The Intersection between Art, Environment and Culture

 

Fran Hardy

 

My work as an artist has always been about the magic and mystery of the natural world. I have felt that important sustaining influence throughout my childhood. The last four years of challenging economic times, and watching places in the natural world that I have loved changing beyond recognition, have made me want to find a way to speak up about what we can do creatively to preserve ecology and culture.

 

I have collaborated with my husband, filmmaker Bob Demboski, to create documentaries. The Earth Chronicles Project has taken us on a challenging, collaborative and rewarding trajectory into the worlds of environmental artists, people and groups that work within the realms of art, ecological sustainability and cultural preservation. In a world where there is a barrage of bad news, we focus on people and groups who are finding a way to make a difference in their world, instead of being overwhelmed by the enormity of the task at hand. Our aim is to inspire others to think about what they can do to preserve art, ecology and culture and to show how intimately intertwined they are.

 

Our Earth Chronicles Project, The Artist’s Process: New Mexico, takes the viewer across the state to visit fascinating people and places that make NM’s art, ecology and cultures unique. We received a grant from the New Mexico Arts Council. The project was also made possible in part by New Mexico Arts, a division of the Department of Cultural Affairs, the National Endowment for the Arts and private donations.

 

The documentary features the work of artists across the state, who reveal what NM’s cultures and environment mean to them. It includes Toadlena Trading Post and the Navajo weavers of the Two Grey Hills region; The Nature Conservancy’s Gila and Mimbres Riparian Preserves; Irvin Trujillo, Chimayó/Río Grande weaver and NEA National Heritage Fellow; Bill Gilbert, environmental artist, Lannan Endowed Chair and founder of the Land Arts of the American West department at University of New Mexico; Catherine Harris, artist and landscape architect, faculty of UNM Art and Ecology program; Lauren Camp, fiber artist and poet; Rulan Tangen, founder of Dancing Earth Intertribal Dance Company; Stacey Kay Neff, founder and executive director of the Experimental Glass Workshop; Judith Phillips, writer and landscape designer who specializes in drought tolerance and xeriscaping; Rourke McDermott, landscape architect at the Valles Caldera National Preserve; and Michael Richie, journalist and photographer who has brought attention to the plight of ancient junipers in the Cejita Blanca badlands. My own art focuses on the native plants and trees of the places we visit in the documentaries.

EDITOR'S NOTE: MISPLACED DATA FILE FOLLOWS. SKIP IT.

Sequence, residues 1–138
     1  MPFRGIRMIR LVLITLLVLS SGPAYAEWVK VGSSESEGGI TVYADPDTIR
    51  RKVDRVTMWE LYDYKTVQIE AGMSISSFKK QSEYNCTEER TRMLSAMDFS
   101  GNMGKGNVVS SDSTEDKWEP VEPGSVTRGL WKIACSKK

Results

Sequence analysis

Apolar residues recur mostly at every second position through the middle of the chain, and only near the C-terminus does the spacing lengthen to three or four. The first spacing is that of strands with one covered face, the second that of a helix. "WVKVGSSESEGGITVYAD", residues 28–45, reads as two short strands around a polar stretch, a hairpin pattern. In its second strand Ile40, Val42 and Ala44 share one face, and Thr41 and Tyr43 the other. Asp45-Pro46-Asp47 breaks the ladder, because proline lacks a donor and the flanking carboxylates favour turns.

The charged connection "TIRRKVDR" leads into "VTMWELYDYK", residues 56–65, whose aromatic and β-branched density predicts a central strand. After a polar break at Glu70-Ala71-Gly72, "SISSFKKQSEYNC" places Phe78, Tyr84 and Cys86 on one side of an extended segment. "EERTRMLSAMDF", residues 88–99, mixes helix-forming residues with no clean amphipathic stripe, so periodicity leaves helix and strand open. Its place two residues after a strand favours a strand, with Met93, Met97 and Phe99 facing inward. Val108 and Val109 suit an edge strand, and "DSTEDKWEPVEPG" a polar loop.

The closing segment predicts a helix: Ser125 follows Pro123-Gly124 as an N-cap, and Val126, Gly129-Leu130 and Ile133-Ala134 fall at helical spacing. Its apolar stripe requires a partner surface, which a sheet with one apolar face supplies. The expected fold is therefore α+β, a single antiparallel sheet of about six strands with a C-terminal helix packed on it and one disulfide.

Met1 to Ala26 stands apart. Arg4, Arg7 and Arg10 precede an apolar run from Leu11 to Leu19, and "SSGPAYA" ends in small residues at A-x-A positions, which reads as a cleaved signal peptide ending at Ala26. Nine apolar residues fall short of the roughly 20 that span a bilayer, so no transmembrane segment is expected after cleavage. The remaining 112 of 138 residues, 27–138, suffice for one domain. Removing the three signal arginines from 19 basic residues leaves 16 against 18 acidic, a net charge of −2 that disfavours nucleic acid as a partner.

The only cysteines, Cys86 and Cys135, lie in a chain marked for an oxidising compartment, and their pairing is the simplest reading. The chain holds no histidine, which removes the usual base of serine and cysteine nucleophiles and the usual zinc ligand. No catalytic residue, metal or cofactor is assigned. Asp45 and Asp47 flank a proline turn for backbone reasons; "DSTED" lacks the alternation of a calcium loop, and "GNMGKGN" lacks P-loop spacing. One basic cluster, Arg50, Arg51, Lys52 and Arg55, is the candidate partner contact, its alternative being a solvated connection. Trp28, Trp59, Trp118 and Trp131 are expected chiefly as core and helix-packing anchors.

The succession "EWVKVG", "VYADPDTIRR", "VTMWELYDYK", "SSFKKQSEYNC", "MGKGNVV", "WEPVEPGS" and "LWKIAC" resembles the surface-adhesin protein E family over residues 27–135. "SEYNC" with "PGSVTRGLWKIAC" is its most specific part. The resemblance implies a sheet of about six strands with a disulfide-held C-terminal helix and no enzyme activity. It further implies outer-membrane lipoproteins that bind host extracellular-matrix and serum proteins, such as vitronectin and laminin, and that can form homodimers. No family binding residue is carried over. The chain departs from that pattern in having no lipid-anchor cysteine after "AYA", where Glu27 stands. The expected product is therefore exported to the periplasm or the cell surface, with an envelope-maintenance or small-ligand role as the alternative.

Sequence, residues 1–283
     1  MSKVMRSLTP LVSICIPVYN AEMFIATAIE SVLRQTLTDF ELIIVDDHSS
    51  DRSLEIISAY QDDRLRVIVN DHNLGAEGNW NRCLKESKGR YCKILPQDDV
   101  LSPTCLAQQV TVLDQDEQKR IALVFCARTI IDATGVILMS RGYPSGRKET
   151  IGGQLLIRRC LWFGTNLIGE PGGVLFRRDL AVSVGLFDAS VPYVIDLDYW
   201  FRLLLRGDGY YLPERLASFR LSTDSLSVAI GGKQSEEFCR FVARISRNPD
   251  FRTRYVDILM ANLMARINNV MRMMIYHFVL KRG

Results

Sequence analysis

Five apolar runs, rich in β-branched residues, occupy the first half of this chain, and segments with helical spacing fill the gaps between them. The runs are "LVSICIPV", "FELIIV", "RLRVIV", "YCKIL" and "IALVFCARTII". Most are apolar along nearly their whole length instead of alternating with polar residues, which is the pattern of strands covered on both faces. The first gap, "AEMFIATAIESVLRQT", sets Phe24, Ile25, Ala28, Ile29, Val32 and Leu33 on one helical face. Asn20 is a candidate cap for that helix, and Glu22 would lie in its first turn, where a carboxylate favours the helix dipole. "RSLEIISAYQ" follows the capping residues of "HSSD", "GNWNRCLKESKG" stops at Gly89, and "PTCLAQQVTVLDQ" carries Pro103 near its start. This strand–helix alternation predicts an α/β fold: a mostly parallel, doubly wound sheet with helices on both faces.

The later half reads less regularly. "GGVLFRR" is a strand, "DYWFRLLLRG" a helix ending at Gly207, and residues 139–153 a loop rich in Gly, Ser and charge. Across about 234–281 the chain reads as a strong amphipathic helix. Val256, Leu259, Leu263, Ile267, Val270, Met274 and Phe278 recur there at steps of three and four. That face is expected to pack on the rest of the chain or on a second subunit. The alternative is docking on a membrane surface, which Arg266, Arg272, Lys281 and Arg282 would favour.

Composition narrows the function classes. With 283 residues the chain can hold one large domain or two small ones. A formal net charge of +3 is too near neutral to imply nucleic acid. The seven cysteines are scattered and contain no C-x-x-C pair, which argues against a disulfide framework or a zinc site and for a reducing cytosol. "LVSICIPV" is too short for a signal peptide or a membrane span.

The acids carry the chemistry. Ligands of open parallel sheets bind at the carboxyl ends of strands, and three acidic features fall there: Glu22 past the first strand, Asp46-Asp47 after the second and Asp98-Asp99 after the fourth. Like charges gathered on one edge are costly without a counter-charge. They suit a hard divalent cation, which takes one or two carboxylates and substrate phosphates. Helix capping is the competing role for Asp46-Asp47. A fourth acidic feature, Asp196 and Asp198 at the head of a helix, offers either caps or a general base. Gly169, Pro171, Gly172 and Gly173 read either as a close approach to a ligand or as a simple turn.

To learn more about the Earth Chronicles Project and the filmmakers, visit: http://www.earthchroniclesproject.com. To follow their travels and the process of creating the documentary and exhibition, as well as to get in-depth information about the people and places in the film, visit: http://www.earthchroniclesproject.blogspot.com. For more on Fran Hardy and her work, go to http://www.franhardy.com

 

 

SIDEBAR:
The Earth Chronicles Project documentary and accompanying exhibition will be at the Santa Fe Art Institute (1600 St. Michael’s Drive) through May 17, 9 am-5 pm. In collaboration with the New Mexico Nature Conservancy, the still-in-progress documentary will be screened on May 13th at 6 pm. For more information, call 505.424.5050, email info@sfai.org or visit sfaiblog.org